These records known as the Washington Family Papers have been my primary source of research. In the course of more than thirty years of research, I have viewed nearly seventy rolls of microfilm to unravel my ancestry and the other Wessyngton families.  I have also used public records such as wills, deeds, census records, marriage records, court records, death certificates, minute books and Freedmen's Bureau documents from Virginia, Kentucky, North and South Carolina to research the genealogies of Wessyngton families.

In addition to collecting information from my own family members, I have interviewed more than twenty-five children and grandchildren of former Wessyngton slaves (ranging in age from 80 to 107).  They shared many accounts of life on the plantation told by their ancestors who were enslaved there.

One of the people I interviewed was Mrs. Ann Nixon Cooper, who is now 107 years old.  In 2008 Mrs. Cooper became part of American history.  After CNN television news chronicled her voting early in the presidential election, Senator Barack Obama telephoned her.  At the conclusion of his historic election night speech on Tuesday, November 4 as the first African American president-elect of the United States, he drew on her life as representative for all African Americans, and indeed all Americans.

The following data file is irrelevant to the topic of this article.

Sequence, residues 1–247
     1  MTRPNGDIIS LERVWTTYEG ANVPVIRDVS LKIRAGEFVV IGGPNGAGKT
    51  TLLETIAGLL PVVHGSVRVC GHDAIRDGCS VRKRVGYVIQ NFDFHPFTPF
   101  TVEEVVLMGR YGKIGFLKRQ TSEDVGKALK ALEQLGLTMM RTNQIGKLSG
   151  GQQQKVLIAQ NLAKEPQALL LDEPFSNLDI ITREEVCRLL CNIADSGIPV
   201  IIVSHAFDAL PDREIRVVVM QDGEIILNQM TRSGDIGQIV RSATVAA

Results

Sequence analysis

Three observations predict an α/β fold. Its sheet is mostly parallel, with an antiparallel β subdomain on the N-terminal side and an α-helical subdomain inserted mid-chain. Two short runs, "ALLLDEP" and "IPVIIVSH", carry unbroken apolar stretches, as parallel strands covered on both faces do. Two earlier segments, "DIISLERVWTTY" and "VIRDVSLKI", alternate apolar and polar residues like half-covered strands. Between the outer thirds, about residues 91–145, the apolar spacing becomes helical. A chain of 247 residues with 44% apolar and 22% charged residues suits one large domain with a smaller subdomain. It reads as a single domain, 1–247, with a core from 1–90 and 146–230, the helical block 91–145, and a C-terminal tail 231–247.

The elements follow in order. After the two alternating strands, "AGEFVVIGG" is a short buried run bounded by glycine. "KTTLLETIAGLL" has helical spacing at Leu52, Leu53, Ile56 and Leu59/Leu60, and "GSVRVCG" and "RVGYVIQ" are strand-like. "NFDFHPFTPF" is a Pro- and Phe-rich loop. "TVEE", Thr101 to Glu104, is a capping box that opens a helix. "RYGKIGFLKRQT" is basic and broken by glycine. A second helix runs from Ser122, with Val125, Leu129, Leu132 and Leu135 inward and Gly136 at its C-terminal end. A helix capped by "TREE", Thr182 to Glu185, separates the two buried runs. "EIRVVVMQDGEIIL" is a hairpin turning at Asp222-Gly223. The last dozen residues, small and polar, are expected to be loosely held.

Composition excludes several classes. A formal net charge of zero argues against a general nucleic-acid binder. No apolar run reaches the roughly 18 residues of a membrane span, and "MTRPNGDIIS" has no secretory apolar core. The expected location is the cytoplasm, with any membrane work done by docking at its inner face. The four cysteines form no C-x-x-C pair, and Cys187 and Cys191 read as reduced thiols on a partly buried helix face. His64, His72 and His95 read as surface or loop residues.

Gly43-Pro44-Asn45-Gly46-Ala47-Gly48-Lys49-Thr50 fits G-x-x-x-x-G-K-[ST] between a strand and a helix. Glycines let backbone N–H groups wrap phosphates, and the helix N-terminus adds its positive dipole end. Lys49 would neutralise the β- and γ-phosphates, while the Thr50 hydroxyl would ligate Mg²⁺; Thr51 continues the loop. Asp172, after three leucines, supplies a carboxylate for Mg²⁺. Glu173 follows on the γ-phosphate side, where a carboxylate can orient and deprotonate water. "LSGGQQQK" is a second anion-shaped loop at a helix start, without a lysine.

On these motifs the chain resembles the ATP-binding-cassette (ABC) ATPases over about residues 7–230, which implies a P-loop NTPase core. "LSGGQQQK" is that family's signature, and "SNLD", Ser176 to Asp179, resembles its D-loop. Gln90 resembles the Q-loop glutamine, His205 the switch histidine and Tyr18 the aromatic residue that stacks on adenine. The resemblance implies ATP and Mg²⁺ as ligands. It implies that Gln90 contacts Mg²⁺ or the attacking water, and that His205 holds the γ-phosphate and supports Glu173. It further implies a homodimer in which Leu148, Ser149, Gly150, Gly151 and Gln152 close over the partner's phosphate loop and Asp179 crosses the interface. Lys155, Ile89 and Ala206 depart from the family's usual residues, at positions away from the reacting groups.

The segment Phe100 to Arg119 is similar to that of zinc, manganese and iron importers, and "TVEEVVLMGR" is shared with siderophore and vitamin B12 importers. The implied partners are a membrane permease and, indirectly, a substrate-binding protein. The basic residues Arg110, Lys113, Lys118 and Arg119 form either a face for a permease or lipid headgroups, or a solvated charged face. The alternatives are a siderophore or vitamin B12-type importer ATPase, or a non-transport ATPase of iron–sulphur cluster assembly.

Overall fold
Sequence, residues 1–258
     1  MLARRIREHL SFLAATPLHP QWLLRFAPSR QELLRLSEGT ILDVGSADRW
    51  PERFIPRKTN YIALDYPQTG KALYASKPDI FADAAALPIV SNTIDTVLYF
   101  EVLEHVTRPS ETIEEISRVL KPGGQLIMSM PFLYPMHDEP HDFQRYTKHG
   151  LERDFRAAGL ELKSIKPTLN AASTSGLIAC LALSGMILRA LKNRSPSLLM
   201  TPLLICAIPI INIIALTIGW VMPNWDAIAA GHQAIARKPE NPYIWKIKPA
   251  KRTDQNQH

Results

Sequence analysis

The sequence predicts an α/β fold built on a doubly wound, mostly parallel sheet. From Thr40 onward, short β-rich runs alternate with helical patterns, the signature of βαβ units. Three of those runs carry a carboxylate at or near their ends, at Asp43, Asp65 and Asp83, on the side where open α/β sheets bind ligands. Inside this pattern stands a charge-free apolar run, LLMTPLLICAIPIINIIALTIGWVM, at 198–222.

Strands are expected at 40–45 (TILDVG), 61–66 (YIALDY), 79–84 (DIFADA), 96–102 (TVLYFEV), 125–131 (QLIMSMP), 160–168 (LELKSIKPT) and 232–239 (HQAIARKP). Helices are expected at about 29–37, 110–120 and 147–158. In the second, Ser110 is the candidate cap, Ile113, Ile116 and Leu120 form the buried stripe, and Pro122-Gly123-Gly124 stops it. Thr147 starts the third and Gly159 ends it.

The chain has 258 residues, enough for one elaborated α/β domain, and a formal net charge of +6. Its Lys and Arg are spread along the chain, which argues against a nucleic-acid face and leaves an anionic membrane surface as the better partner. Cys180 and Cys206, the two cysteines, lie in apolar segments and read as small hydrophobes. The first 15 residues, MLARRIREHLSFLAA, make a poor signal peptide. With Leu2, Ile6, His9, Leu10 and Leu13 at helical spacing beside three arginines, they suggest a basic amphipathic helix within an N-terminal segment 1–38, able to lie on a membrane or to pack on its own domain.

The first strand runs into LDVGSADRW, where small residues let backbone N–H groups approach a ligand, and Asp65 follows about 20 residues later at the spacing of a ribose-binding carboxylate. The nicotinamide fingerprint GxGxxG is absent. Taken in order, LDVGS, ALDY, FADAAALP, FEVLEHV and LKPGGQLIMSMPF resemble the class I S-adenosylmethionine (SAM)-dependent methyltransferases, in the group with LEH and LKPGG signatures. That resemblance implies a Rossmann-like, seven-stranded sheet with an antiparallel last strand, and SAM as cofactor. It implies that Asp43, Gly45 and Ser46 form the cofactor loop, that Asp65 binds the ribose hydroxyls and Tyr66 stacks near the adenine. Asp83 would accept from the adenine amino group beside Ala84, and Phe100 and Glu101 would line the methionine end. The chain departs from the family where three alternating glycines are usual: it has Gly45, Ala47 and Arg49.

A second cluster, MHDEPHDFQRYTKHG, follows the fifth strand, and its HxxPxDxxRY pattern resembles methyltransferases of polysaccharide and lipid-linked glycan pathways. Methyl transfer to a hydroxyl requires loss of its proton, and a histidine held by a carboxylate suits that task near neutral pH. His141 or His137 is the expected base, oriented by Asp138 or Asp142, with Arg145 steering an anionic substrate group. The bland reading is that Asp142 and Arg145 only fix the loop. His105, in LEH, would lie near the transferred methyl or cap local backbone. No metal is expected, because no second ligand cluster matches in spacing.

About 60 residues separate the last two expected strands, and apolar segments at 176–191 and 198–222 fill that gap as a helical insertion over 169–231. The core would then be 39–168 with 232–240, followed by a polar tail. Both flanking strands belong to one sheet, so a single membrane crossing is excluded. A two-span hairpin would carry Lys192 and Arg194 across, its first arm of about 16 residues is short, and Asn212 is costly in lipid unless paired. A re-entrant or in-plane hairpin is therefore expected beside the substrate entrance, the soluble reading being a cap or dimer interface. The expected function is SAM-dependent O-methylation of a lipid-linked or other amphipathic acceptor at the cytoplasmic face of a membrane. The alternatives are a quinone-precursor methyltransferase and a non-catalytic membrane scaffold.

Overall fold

The last lines of President-elect Obama's speech brought Mrs. Cooper's story into the future as well, when he wondered aloud what our children and his own would experience if they lived as long as Mrs. Cooper.  "What change will they see?, he asked the audience, "What progress will we have made?"

Descendants of the plantation owners were crucial in this ongoing research of the plantation's history.  Many of them shared their remembrances, as well as photographs and portraits of former Wessyngton slaves.